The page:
My mother knitted and my grandma crocheted, so from the moment I was old enough to be aware, I knew that knitting was a woman’s handicraft.
I knit so hard I snapped the blue needle in half. It belonged to my mother 40 years ago
At 7 years old, however, I had an experience that changed the way I viewed working with yarn. I was in second grade and had just been transported from a classroom in Michigan to an “Interdisciplinary Team” at McKinley Elementary in Appleton, Wisconsin. The move was difficult in a number of ways, not the least of which was that I had already surpassed McKinley’s second -grade reading curriculum by the time I joined the classroom mid-semester. This was in the 1970s, in the days before there were “Gifted and Talented” programs or No Child Left Behind assessments. I suppose it is possible that the school administration didn’t quite know what to do with me. But my new second-grade teacher, Sue Tabbert stepped in. In a small reading group, consisting of me and one other student, she introduced me to the novels of Eleanor Estes and her characters the Moffats. My partner and I flew through the pages, but Miss Tabbert found new ways to engage us. One day, she appeared in class with yarn and two pairs of knitting needles. One of Estes’ characters, Rufus Moffat, was knitting washcloths to send to GIs fighting in World War I. We were going to learn to knit washcloths, too. She showed us the cast-on, and then I knit my very first stitch. I won’t say my washcloth was a success; it was an ugly brown and about the thickness of a doormat. But, in making a washcloth just like Rufus Moffat, I learned that knitting was political, it was patriotic, it was a show of solidarity with strangers who stand up for us.
(Check out the WWI”Knitting for Victory” story here).
That is why the Pussyhat Project has been so meaningful to me. A quarter-million women will assemble in Washington and at at statehouses around the nation on January 21, wearing the hats as a symbol of solidarity while they rally, once again, against threats to basic women’s rights. Critics have dismissed the pussyhat as “silly headwear” or “a stunt” that will distract from the substance of the protest.
But for me, the pussyhat is the protest. The manner of its making, the collaboration required for its distribution, and the solidarity shown in wearing it all attest to very vision of the world the marchers are standing for. In a time when the president-elect is grossly inflating the power of corporations, doling out cabinet positions on a pay-to-play basis, and disparaging women around the world, knitting has once again become a political and patriotic act.
First, in a coporatocracy (“Corporations are people, my friends”), the hand-made item is a disruptive object. In a few short weeks, thousands of individual women and men have created tens of thousands of hats in a decentralized process that by-passes corporate control. Sure, some of the yarn is coming from Michael’s or Wal-Mart (“but not if I can help it,” says my mother-in-law), but it is also coming from independently owned yarn shops or grandma’s stash in the attic. The sea of pussyhats is a visual reminder that corporations do not have a monopoly on the means of mass production. Second, in a pay-to-play climate, the Pussyhat Project demonstrates a disruptive alternative by creating a gift economy. Gift economies benefit both giver and receiver without the exchange of money. The vast majority of knitters in the Pussyhat Project are giving their hats to marchers, not as a quid pro quo, not as charity, but as a statement of thanks and solidarity, akin to the way that civilians knit washcloths for soldiers during The Great War. The marchers are returning the gift by wearing the hats at the march, where they will serve as representatives for those of us who cannot be there. That is a valuable exchange, and it has the added benefit of creating interpersonal connections at a time when the nation is more divided than it has ever been. Finally, when tens of thousands of women wear the pussyhat in a demonstration of women’s political engagement, it becomes a banner of resistance. Women are watching. We will not be made to go backwards in our rights, our dignity, or our autonomy.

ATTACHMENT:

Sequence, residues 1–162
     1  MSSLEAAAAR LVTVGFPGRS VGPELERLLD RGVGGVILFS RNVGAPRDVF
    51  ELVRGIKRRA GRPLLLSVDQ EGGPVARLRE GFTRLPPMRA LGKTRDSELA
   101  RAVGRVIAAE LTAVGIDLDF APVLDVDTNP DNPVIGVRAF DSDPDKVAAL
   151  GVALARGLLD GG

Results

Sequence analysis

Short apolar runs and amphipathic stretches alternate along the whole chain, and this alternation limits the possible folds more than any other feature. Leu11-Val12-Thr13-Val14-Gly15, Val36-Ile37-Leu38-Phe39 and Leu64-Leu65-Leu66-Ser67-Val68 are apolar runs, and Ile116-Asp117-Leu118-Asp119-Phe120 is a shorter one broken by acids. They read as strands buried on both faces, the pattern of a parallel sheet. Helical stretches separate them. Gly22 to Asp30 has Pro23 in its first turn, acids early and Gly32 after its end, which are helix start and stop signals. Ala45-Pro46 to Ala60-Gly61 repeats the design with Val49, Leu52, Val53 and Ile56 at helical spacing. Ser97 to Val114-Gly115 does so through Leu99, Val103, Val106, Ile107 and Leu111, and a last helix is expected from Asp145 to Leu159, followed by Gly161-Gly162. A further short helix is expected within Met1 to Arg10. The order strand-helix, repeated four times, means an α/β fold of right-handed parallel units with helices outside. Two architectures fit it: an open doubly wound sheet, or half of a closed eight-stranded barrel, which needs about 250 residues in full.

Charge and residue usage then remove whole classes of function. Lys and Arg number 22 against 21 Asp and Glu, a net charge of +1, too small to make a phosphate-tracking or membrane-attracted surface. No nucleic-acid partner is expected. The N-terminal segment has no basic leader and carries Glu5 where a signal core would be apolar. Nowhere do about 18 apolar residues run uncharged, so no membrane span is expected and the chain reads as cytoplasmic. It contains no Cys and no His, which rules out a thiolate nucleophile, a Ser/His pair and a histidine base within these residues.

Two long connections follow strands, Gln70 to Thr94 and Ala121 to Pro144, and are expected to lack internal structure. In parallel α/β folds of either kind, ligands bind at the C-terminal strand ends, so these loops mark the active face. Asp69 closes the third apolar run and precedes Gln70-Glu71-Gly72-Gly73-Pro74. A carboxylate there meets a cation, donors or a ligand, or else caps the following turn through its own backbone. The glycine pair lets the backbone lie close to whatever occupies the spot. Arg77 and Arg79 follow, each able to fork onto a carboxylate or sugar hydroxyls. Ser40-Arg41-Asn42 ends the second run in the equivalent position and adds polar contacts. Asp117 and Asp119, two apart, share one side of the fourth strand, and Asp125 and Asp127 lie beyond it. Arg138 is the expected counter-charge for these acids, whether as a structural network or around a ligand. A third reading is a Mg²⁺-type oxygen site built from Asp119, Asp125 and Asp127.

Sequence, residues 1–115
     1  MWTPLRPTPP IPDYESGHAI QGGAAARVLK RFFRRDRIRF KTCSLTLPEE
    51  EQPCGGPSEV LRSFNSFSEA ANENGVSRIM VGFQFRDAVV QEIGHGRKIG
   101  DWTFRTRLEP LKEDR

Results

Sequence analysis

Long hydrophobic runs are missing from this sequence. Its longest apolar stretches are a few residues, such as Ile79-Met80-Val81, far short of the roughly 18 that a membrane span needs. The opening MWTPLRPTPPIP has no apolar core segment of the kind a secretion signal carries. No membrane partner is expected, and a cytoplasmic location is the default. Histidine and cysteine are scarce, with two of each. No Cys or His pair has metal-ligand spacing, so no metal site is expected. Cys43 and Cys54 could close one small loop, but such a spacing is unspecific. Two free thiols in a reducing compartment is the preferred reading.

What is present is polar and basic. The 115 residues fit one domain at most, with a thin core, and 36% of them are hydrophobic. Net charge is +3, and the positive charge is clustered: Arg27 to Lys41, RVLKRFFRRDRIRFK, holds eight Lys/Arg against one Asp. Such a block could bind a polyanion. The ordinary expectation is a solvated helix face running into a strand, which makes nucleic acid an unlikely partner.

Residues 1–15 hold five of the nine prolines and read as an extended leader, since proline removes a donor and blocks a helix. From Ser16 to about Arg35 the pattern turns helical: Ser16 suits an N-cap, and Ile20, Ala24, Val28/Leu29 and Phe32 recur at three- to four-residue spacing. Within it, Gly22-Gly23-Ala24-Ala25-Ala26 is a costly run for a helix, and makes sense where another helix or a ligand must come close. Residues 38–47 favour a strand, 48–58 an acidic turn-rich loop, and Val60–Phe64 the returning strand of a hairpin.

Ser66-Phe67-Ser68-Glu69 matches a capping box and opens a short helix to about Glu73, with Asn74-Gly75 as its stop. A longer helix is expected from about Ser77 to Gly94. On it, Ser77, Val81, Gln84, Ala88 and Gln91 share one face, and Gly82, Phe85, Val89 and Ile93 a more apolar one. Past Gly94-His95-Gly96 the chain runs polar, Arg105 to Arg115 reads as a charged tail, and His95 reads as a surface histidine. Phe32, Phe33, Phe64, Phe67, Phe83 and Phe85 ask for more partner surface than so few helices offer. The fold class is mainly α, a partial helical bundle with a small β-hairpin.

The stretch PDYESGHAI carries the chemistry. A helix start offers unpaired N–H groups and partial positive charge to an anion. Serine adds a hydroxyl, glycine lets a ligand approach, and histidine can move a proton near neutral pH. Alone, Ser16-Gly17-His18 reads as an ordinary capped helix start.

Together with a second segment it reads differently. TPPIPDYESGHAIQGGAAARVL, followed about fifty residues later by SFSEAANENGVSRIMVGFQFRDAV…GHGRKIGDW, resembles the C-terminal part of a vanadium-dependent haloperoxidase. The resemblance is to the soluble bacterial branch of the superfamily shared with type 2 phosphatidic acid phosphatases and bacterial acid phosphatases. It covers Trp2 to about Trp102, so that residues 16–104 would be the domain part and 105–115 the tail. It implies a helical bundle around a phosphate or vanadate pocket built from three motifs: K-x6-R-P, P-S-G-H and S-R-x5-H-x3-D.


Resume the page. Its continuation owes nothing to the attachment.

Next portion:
The Pussyhat Project, for me, ups the ante on that old bumper sticker “Perform random acts of kindness.” The knitters and marchers are showing what is possible when we perform organized acts of kindness. And that is the kind of world I want to bring about, for my children and for everyone.